Richmond     Feb: 1st 1848


My dear cousin Nat,

I received your letter through the Post Office, & was obliged to leave town the next day, which prevented me from hunting up Dr. Stribling, whom I regret I did not see.  Please give my respects & make my apology to him.  I am glad that I can answer favorably your inquiries about your relations.  They are all well; & cousin Ann Wickham much improved in her spirits.  I was at her house on the 14th of last month to meet her son=s bride, made so but a few days before.  Her name, like my wife=s, (of whom she is a first cousin, daughter of Henry Taylor deceased) was Lucy Penn Taylor, only 18 years old the day of her wedding, & very diffident.  It was therefore very comfortable to her to meet her cousin & myself, with whom she was well acquainted, on the embarrassing occasion of first meeting her husband=s parents.  It was therefore that we went to Hickory Hill to meet the bride, though my Lucy was hardly in condition to go to Caroline to the wedding.  The arrival of this sweet (Page 2) daughter, & the first, too, who ever bore the name in that house, was an event of great joy, & has had a most happy effect on all its inmates; which I have no doubt will be very much augmented when the grandchildren come, as they probably will in due time.  Uncle Williams was at the wedding, & returned with the bride to Hickory Hill, & was the only one of the wedding party who did go except Warrington Carter, who was a groomsmman, Dr Harrison, also a groomsman & a neighbour.  But though the party was small it was a happy one, & Lucy & remained a week, & then parted much to the regret of both of us.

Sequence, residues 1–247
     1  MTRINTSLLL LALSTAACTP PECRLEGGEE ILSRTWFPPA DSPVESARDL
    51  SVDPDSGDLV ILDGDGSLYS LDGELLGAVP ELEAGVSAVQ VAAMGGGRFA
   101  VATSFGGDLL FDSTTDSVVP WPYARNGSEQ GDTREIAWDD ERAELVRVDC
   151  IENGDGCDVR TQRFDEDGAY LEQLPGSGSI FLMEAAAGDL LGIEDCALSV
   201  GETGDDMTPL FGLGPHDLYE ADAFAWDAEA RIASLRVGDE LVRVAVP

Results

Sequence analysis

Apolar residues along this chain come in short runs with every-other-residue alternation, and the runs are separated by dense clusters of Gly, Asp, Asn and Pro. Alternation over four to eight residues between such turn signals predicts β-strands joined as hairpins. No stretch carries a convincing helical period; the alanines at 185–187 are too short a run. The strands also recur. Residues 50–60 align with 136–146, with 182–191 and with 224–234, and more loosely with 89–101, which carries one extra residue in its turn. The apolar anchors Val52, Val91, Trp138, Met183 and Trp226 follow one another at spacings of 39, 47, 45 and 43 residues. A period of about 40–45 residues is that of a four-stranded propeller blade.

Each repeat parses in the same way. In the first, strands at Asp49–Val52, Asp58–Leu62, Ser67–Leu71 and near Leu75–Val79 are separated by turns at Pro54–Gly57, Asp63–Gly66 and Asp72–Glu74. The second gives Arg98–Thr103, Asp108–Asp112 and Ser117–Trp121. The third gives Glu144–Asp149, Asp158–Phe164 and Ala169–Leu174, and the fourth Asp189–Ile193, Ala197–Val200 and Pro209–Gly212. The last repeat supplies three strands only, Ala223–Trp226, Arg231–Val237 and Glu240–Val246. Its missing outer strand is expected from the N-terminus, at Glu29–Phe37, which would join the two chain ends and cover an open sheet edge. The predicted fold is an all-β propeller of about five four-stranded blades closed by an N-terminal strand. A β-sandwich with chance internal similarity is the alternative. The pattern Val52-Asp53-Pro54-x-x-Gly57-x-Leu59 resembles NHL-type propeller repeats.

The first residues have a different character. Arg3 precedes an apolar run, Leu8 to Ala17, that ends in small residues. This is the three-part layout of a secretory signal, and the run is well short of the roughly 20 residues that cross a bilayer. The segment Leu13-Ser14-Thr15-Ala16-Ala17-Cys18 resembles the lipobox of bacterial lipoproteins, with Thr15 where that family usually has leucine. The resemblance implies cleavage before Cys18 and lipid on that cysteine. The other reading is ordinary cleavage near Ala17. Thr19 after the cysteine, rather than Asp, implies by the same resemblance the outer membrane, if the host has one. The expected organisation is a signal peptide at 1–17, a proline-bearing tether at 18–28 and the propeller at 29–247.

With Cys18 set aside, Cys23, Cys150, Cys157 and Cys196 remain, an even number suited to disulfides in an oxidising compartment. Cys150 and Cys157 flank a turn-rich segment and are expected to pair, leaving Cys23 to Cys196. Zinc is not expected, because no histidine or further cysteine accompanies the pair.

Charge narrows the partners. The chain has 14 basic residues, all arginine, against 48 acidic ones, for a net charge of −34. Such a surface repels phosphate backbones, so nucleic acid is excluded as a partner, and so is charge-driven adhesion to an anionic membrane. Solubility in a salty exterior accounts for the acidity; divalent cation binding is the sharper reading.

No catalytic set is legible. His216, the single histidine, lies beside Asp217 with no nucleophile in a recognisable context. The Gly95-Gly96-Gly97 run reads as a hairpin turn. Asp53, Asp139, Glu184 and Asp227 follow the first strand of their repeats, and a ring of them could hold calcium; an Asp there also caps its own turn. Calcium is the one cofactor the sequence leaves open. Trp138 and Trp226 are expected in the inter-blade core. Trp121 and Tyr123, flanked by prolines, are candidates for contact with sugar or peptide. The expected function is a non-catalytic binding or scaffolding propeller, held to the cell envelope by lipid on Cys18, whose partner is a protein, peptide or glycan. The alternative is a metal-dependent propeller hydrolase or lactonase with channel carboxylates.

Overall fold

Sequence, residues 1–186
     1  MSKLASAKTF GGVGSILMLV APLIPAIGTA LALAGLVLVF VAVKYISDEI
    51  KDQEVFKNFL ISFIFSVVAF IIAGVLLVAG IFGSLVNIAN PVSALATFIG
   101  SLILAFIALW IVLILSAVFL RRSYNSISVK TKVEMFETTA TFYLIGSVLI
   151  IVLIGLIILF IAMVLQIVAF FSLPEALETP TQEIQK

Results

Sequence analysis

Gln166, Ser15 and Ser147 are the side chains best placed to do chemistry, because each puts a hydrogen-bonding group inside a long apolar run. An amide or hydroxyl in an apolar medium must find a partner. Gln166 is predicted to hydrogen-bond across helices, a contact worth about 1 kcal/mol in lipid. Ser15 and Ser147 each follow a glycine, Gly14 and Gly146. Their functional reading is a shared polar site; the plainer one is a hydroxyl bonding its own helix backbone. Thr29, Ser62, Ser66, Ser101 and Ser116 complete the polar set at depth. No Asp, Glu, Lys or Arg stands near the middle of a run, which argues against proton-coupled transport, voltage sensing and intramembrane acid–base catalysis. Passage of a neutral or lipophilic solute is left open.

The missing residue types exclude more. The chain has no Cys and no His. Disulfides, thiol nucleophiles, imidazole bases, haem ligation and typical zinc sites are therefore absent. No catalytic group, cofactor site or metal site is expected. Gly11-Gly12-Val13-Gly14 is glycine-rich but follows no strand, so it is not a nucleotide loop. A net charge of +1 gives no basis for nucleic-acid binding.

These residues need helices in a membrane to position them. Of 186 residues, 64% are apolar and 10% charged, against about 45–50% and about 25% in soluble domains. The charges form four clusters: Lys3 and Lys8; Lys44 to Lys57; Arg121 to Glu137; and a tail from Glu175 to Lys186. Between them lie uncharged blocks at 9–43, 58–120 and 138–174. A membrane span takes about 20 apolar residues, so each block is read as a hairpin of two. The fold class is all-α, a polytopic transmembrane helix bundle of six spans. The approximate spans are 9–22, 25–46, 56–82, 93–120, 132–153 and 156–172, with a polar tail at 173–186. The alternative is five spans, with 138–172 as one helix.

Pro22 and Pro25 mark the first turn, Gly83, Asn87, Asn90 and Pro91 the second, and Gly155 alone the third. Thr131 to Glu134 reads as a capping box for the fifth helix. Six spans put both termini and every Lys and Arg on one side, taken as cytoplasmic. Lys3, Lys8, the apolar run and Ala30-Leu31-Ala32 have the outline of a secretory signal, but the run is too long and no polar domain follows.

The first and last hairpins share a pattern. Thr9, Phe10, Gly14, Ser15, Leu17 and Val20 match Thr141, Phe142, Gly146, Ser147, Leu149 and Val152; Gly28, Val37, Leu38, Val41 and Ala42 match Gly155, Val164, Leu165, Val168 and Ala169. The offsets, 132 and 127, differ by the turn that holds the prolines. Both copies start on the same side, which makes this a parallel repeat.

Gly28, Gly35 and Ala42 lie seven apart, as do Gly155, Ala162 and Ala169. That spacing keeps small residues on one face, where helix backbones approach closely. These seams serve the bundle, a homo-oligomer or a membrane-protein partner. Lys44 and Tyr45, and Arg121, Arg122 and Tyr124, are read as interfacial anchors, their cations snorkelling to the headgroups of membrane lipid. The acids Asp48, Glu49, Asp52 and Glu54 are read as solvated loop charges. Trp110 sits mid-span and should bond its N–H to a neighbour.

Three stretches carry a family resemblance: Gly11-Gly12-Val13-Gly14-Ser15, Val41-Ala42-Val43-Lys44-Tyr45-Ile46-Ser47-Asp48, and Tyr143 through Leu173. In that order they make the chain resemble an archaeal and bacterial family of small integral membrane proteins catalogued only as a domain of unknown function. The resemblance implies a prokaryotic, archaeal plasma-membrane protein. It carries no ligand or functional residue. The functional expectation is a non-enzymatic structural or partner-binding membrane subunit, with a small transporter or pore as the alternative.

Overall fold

All is going well at Shirley.  They have a governess there now, & little Charlotte Wickham is one of the scholars.  She is much grown & improved in every way Uncle Williams tells me.  Hill is improving the farm so that he made,  last year, an average of eleven barrels to the acre of corn from a field of 160 acres.  He has measured up that much, that is 1700 barrels, when Uncle Williams left Shirley, & there was at least 100 barrels more (Page 3) to measure.  And this, too, was heaping measure; & Uncle Williams thinks that when sold it will prove to be nearly 12 barrels to the acre.  I think this beats your father.  My brothers of whom you kindly asked are plowing other fields, where they have gathered barrels at least.  But the newspapers tell you of these.  The officers returned from Mexico all say that Robert=s is the most enviiable reputation in the army, & Smith has won much approbartion as to be now (part of the letter is torn out but have attempted to piece the meaning together) --?-- at Annapolis as the Executive (?) Officer of the Naval School there.  I shall be careful to deliver your messages to your relations & friends as I meet with them, who will no doubt receive them with great interest.  Thank Carter Berkley for his recollections of me, & give him my best respects.  I am sorry to hear of Patsy=s loss.  Give my love to her & Nancy when you write, as also to Charles & your father, & believe me, my dear Nat

Your affectionate cousin

C C Lee


Address on reverse page:


Mr Nat: Burwell

Care of Dr Stribling